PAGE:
The show living room in the 48th-floor penthouse.
Fresh from a trip to Singapore, the president of Delta Land Group apologizes for being jet-lagged, then proceeds to energetically list off features about the 48-storey tower.
Residents can access any of the amenities from the adjoining five-star Hotel Georgia, including catering from Hawksworth restaurant, spa services, maid and room service, valet parking, and use of the saltwater lap pool. Langereis and his company restored the 88-year-old heritage property, which is managed by Rosewood Hotels.
The Private Residences tower, which connects to the hotel on the fourth floor, began pre-sales in 2007 and now has six units remaining on the market.
But they’re no ordinary suites: five sub-penthouses that take up half a floor each, ranging from $7.7 million to $8.1 million — and a true penthouse that covers the entire top floor.
The 6,832 . home offers a glorious 360-degree view from several balconies. One corner of the penthouse is set up as a sumptuous dining/living room for now. The rest is an empty concrete shell, since someone who can afford the $18-million price tag will presumably want to custom-design pretty much everything.
"Selfishly, I’d like to see someone who’s really going to enjoy this and appreciate it and embrace what we’re offering,” said Langereis, stopping short of saying he would veto a potential buyer.
"I could never not do that but I’d be a lot tougher to negotiate with," he offered.
"Let me put it this way, if it’s someone’s who’s going to invite me back for a social up here, I’d probably do a better deal than someone who’s going to buy it and never invite me or invite anybody from the building. Or never be part of the hotel or part of the chemistry of the city."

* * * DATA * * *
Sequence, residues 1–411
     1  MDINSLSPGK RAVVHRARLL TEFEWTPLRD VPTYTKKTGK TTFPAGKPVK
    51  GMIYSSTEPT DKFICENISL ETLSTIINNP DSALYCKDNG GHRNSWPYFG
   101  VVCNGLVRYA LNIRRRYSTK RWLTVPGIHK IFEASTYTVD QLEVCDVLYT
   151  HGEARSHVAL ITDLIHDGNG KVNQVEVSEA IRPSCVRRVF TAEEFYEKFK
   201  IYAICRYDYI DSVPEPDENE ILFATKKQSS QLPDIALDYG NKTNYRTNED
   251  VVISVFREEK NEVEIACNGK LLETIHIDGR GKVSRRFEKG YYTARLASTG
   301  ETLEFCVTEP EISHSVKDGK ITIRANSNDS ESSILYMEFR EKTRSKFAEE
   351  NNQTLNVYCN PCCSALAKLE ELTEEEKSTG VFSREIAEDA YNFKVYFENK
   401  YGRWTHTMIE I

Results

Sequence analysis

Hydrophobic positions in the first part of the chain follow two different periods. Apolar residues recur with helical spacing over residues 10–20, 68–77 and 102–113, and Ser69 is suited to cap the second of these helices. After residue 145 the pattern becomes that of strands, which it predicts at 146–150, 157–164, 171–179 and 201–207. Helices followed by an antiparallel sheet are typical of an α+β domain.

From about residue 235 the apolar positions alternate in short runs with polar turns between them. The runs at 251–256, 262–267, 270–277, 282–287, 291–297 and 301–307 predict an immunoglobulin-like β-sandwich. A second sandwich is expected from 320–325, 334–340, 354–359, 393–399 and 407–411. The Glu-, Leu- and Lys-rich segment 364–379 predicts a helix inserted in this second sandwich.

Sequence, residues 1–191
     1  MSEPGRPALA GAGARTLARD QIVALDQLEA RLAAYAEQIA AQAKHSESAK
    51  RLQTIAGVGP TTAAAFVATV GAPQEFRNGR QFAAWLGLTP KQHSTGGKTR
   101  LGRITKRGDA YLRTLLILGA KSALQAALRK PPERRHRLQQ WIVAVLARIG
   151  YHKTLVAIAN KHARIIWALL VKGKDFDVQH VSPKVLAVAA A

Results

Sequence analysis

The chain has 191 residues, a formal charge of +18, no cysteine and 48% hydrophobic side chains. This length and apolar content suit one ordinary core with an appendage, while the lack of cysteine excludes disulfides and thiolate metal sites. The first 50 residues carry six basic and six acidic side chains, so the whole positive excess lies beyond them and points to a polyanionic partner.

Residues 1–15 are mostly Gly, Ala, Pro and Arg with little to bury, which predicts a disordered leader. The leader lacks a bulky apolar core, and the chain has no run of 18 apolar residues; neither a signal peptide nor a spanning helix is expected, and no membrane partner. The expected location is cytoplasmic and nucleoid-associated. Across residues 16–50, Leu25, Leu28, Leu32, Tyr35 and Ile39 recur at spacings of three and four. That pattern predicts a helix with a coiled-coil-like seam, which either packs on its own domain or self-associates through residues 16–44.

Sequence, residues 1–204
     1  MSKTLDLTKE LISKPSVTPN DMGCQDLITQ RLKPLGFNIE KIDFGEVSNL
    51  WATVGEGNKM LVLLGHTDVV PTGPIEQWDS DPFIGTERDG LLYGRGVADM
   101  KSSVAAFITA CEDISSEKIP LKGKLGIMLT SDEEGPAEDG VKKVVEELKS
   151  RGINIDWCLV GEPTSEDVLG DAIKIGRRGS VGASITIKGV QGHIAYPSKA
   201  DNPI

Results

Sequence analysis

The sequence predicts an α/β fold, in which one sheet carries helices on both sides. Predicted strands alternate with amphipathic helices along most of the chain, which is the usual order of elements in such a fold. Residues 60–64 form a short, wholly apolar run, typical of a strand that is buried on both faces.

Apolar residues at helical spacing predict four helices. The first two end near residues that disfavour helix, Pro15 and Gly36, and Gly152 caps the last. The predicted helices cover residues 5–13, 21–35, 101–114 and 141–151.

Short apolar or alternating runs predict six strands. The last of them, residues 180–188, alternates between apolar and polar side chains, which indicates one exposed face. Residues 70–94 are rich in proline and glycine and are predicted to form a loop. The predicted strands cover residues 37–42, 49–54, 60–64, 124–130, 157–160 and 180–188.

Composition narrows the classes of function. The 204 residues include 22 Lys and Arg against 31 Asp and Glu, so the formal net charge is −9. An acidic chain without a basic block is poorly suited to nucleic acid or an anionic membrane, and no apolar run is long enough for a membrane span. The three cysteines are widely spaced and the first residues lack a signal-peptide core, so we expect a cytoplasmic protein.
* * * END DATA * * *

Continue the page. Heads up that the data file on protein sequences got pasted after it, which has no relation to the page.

The front entrance of the Private Residences at Hotel Georgia and the College of Physicians and Surgeons of British Columbia share the same front door.
Langereis has a "good for them" attitude.
"Bravo, you’re selling it," he said. "But think about that, if you bought there to live there, how are you going to feel if it’s so transient (when people flip their condo).
"It’s not our style. It’s not the way we do things."
Langereis, who flies his own helicopter to go solo camping at remote sites, is willing to be patient.
Looking out the floor-to-ceiling windows toward St. Paul’s Hospital where he was born, Langereis reflects on coming from a "poor family from Europe that immigrated here" and growing up in East Vancouver.
"I don’t want to just follow and do what’s easy, I want to do what’s right," he said.
"This building will be here long after I’m gone. And I don’t want anyone to point at the building with embarrassment.... I’d like them to say, ‘Oh my dad, or I know Bruce, and that’s a great building!’ That’s what I want."
Right now, Langereis wants a local buyer for that $18-million penthouse. And he's got a final pitch.
“One of the advantages to buying here is you get me as a neighbour.”